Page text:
Girl Reporter by Tansy Rayner Roberts

Publisher - The Book Smugglers

Published - Out Now

Price - £3.78 ebook

In a world of superheroes, supervillains and a machine that can create them all, millennial vlogger and girl reporter Friday Valentina has no shortage of material to cover. Every Lottery cycle, a new superhero is created and quite literally steps into the shoes of the hero before them – displacing the previous hero. While Fry may not be super-powered herself, she understands the power of legacy: her mother is none other than the infamous reporter Tina Valentina, renowned worldwide for her legendary interviews with the True Blue Aussie Beaut Superheroes and her tendency to go to extraordinary lengths to get her story.

This time, Tina Valentina may have ventured too far.

Alongside Australia’s greatest superheroes – including the powerful Astra, dazzling Solar, and The Dark in his full brooding glory – Friday will go up to another dimension in the hops of finding her mother, saving the day, maybe even getting the story of a lifetime out of the adventure (and possibly a new girlfriend too)


Since I was a child and saw Christopher Reeve fly (he really did!) I’ve been aware of superheroes and their impact on our culture. In the 90’s they got darker and edgier while in the twenty first century they are now a huge wide-spanning genre ranging from the comedy of Guardians of the Galaxy to the hyper-realism the Dark Knight trilogy aimed for. They are now very much part of our culture not just in movies and comics but used within our day to day language and increasingly used to champion and debate changes in our society.  In this novella we get a strangely familiar set of heroes that has a lot to say about how we value our icons and also gives us a fresh and satisfying adventure that goes from secret labs to the stars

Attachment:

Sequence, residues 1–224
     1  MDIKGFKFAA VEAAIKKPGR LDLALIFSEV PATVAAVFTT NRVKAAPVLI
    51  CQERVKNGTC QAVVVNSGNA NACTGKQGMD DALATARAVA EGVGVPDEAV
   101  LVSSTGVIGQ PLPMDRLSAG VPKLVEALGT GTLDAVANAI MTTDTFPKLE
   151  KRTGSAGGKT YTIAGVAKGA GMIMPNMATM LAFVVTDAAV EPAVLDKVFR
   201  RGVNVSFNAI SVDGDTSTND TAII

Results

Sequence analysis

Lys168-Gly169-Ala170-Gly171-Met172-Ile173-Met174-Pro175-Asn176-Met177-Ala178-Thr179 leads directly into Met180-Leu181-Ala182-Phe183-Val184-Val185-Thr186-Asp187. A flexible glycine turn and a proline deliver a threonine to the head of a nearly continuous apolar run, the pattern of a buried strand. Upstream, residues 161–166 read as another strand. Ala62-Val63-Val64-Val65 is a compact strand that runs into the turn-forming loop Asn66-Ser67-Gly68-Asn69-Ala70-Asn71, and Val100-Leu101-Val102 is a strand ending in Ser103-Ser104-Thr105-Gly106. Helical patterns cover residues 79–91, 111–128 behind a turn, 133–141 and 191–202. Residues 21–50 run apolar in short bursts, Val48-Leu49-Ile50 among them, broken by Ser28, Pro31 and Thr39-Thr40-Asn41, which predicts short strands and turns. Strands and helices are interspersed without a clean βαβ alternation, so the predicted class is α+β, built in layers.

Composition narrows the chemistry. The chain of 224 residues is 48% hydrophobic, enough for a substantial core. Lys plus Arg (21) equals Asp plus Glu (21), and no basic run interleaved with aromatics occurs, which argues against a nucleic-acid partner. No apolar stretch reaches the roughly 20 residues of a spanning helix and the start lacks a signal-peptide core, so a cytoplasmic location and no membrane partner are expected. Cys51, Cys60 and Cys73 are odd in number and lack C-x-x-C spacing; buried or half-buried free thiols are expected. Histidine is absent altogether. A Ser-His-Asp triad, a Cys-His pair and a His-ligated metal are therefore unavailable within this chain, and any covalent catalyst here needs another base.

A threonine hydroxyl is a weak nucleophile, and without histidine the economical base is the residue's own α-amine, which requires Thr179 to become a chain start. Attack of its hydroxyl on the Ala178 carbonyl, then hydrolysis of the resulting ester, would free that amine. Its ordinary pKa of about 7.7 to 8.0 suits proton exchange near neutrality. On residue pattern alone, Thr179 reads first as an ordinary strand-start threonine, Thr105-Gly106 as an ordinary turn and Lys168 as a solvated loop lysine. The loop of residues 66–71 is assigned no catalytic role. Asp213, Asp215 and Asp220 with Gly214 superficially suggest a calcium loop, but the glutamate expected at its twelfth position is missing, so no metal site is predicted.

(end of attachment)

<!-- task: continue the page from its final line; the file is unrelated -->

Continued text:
We are visiting an alternate 21st century where mysterious machines are given to the countries of the world that appear to have one purpose - to create superheroes. In Australia it was decided a national lottery would be held to choose who gets upgraded and over the past forty years there has been a steady mix of heroes ready to fight internal and external threats from all sorts of quarters and indeed hidden dimensions. Heroes often have a limited shelf-life but their legacy from the clean cut (almost pure Boy Scout you could say) Solar and the grim and gritty The Dark started a run of superheroes that over the decades evolved into what could almost be described as its own celeb fandom with bloggers and youtubers creating a culture reporting on their various adventures as well as their wider impact on society.

We meet popular up and coming vlogger Fry. The next lottery is about to announce the next new hero, but she is distracted as her mother; who was there at the dawn of the superhero age, appears to have vanished. Has she gone undercover; perhaps hiding/romancing with other heroes or has her past caught up with her? Tina was the original Girl Reporter to Solar giving him an opportunity to show his human side to the public and their relationship was always the source of great speculation. However now Fry must decide who can she trust with helping her and are the heroes going to allow a very young keen reporter into the world behind the masks and capes?